DAR ES SALAAM, Oct. 19 (Xinhua) -- Barrick Gold Corporation, the world's largest gold mining company, said on Thursday it has agreed to pay the government of Tanzania 300 million U.S. dollars to end a dispute that has hit its operations in the east African country.
In addition, Barrick Gold Executive Chairman John Thornton, said the mining firm will give Tanzania 16 percent stake in its three gold mines and 50 percent share in revenues from the mines.
Thornton revealed these decisions at the end of more than three months of negotiations between the mining firm and the government of Tanzania after the country banned the export of unprocessed minerals and enacted new laws to raise ownership of the nation's mines.
However, Thornton said the decisions should have to be approved by the independent shareholders and directors of Acacia Mining, which is majority owned by Barrick Gold.
Tanzania is Africa's fourth-largest gold producer, and Barrick's Acacia Mining Plc is its largest miner, with three gold mines at North Mara, Buzwagi and Bulyankulu.
President John Magufuli received a report on the outcome of the negotiations and commended members of the negotiating teams from both Barrick Gold and the government of Tanzania for "the job well done."
He commended Barrick Gold for reaching a consensus with Tanzania in resolving the long-standing disputes, saying the mining firm has done that with great love and dedication to the country.
However, President Magufuli asked Barrick Gold to pay the 300 million U.S. dollars soonest possible to enable the government to fund development projects, including the Stiegler's Gorge hydropower generation.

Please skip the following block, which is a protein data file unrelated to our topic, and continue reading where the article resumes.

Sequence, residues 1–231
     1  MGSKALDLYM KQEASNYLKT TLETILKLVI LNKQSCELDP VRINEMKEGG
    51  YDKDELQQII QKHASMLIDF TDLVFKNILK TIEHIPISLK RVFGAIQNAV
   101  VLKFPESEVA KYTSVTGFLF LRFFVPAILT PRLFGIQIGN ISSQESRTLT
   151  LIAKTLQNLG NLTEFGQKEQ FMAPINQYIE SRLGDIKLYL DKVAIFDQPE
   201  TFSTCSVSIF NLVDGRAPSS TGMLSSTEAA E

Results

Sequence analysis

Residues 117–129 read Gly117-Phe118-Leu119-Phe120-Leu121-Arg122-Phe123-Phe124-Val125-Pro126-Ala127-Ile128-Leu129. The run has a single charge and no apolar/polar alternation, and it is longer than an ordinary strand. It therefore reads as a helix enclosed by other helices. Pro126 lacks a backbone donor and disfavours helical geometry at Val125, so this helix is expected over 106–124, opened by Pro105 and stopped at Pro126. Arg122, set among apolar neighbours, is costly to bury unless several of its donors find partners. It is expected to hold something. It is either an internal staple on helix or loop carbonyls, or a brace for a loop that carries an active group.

The president ordered that similar negotiation teams should be formed to deal with diamonds and tanzanite.
For his part, the Minister for Justice and Constitutional Affairs, Palamagamba Kabudi, said the agreements reached during the negotiations were in keeping with the new mining laws approved by Parliament in July, this year.
"Efforts pioneered by President Magufuli have started to bare fruits. This is a great step for our country, a lesson as well for other nations," said Kabudi.
"We have agreed to have a 50-percent-share of revenues between the government and Acacia Mining from all its mines," added Kabudi who headed Tanzanian delegation to the negotiations.
According to him, the two teams had agreed that the mining firms should shift their headquarters from abroad to Tanzania and all revenues from mining should be deposited in local bank accounts.
"To ensure that the mining sector is well supervised to benefit all Tanzanians, some government officials will be included in the mining firms board of directors," he said.
In March this year, Magufuli announced a temporary ban on exports of metallic mineral concentrates and immediately formed two committees, which recommended a permanent ban on the same after accusing Acacia of illegally operating in the country and evading tax.
The move made Thornton to fly to Tanzania where he met Magufuli in mid-June and they agreed to engage in negotiations to resolve the disputes.